Wednesday, June 27, 2012


So today is the boys' three month birthday!  That means tonight they will sleep through the night, right?  Isn't that how it works?  I hear that babies start sleeping through the night at three months.

OK...I know that's not quite how baby development works.  But wouldn't it be nice if it did? 

Even if the sleeping through the night skill isn't quite there yet, there are some other great developments.  Both boys are starting to grab more.  Babies grab from the start, but now they're starting to grab for things in front of them.  Aaron had a death grip on my finger yesterday.  He also tracks objects well as we move them from side to side and loves listening to the crinkly paper toy as we make the noise near his left ear and then his right.  Jeff was able to grab some rings on the playtime mat, he was having fun with a little, plush soccer ball yesterday and he is trying to hold his bottle.  Our nanny sent us a picture today of him holding his bottle.  He can't lift it to drink from it (it was empty anyway) but that boy is determined to feed himself.  Plus, both boys are fascinated by sign language.  When they're crying and screaming I simply sign to them and the hands moving around often help them calm down.  I also swear that if I sign "milk" as I'm making their bottles the crying and fussing decreases.  I think they might be understanding that sign and that milk will be coming soon.

As hard as it is and as much as I complain about the lack of sleep, I love having twins.  I'm so excited to know that these boys will have each other.  I can't wait to watch them play together (especially because Daddy won't always want to play space ranger vs. Batman for 7 hours a day).  I also want to make sure that they each have their own identities.  I do refer to them as "the boys" or "the twins" a lot.  They're only three months old so their individuality isn't markedly different at this point.  Still, they will be as different or as alike as any two brothers and it will be fun to see their personalities and interests grow and develop. 

The negative side of having twins is that I want to compare them to each other.  When Jeff could prop himself up on his arms first I wondered if Aaron would be cursed with a life of being picked last for kickball every time.  (He won't be.  He can prop himself up now.)  When Aaron started smiling I wondered why Jeff wasn't and worried he had that rare disease that makes it impossible to smile.  (He doesn't.  He can smile now too.)  I know it's all ok.  Kids pick things up in their own time and each child has his strengths.  I'm really not worrying.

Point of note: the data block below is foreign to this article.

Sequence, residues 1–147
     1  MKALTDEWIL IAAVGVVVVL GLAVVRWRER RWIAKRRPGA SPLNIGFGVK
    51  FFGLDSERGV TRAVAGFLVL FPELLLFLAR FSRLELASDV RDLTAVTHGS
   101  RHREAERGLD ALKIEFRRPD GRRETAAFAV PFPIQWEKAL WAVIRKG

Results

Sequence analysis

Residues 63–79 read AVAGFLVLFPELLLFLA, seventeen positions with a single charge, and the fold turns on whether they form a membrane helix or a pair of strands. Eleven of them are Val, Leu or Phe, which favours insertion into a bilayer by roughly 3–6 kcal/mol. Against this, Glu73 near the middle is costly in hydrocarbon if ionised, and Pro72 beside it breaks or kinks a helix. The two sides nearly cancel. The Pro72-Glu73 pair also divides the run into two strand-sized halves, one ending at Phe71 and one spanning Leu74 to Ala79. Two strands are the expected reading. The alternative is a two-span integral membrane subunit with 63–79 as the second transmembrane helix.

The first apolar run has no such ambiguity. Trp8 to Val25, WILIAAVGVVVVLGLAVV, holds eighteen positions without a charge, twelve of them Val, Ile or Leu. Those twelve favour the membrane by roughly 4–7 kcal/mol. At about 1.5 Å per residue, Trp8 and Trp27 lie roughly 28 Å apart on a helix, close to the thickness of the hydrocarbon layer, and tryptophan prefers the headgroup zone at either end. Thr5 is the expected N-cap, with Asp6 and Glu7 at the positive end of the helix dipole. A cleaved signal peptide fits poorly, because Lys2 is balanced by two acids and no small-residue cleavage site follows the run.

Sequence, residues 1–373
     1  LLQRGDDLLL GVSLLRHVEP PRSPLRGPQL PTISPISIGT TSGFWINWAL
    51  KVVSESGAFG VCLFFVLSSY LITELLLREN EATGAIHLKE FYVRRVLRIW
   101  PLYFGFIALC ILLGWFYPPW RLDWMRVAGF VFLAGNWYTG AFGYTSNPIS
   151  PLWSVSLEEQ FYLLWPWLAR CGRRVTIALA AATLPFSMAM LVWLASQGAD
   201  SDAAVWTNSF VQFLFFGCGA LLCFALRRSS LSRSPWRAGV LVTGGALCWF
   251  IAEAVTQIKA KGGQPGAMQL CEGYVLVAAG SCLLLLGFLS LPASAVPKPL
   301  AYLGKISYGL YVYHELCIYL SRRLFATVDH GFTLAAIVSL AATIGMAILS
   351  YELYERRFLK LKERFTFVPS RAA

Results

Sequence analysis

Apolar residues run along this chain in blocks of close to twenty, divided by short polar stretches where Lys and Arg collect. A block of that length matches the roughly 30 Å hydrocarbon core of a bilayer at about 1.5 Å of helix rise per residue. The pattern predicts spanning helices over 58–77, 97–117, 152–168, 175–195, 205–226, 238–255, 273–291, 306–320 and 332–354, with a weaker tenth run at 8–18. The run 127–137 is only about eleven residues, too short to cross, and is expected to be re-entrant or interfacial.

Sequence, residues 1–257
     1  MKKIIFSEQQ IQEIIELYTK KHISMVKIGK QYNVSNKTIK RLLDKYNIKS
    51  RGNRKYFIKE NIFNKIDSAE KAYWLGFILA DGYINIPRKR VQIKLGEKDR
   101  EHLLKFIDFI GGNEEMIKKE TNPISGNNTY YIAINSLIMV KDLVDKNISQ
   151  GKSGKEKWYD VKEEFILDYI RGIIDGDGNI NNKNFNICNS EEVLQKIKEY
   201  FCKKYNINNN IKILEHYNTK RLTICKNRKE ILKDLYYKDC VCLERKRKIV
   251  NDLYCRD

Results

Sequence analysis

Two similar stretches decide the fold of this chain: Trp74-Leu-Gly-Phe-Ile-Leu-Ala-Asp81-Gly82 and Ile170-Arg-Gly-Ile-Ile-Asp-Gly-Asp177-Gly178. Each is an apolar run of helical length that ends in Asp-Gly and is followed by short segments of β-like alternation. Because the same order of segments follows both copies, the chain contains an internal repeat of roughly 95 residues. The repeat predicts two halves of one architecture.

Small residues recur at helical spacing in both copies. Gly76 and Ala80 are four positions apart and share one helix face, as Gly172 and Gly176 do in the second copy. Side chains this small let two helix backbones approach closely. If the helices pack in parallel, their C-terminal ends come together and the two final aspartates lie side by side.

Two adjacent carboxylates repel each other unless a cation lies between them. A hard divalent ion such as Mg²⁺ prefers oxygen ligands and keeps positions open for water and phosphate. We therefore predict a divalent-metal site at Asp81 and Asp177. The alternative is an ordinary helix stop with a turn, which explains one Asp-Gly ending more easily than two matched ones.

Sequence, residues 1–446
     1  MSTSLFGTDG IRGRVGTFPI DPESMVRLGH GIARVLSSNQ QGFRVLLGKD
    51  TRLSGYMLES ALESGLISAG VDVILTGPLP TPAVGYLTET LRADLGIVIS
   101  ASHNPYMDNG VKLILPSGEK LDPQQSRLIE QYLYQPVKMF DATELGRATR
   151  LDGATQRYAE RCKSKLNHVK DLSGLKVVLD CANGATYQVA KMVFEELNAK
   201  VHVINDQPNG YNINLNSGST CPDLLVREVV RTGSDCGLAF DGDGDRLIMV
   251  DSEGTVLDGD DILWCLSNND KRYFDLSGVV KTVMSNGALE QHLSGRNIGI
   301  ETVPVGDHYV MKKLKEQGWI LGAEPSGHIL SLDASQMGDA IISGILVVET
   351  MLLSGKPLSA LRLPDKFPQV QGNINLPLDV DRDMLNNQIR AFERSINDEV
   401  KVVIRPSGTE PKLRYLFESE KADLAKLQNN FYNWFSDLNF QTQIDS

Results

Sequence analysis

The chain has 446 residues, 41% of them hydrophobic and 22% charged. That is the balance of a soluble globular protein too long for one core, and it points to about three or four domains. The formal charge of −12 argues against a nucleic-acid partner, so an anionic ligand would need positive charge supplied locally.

I think about how I started this whole fatherhood journey on my own.  I knew having one child on my own would have been tough.  Very tough.  Being alone with twins 800 miles from my family I have no idea how I would have survived more than the first 72 hours.  Now, with my Prince Derek in my life, I am lucky enough to be able to stay home with the boys -- oops...I mean Jeff and Aaron -- several days a week and watch them learn and grow and figure out the world.  If I were on my own working twice as hard to have half as much time with my children I'm not sure I'd be able to enjoy any moment with them.  I understand now why it's so hard for parents to go back to work and miss out on these first few years with their kids.  It is magical and special.  I'm glad I get to be so involved in their lives which is a luxury many parents don't have.  Derek and I couldn't be doing this without each other -- and that's the way I like it. 

Friday, June 22, 2012

Belated Father's Day

I love looking at photos of the babies of the blogs I have been following.  It's so great to see how well they are doing and to watch them grow and change before my eyes.  I have been hesitant to post a million pictures of little Aaron and Jeff, but decided that I have to put a few pictures on from time to time because A) my readers want to see them and B) my kids are freakin' cute.  I couldn't resist posting this one.  This is a picture from Father's Day last week and the more I look at it the more special it becomes to me.  Hopefully you'll enjoy it too.

And although I'm a little late I want to wish a Happy Father's Day to all the new dads out there.  It's exciting to get to celebrate the day as a dad after so many years of dreaming about it.  I had to work for half the day on Father's Day this year but I was able to go out to brunch with Derek and my mother-in-law and two of the cutest babies on earth.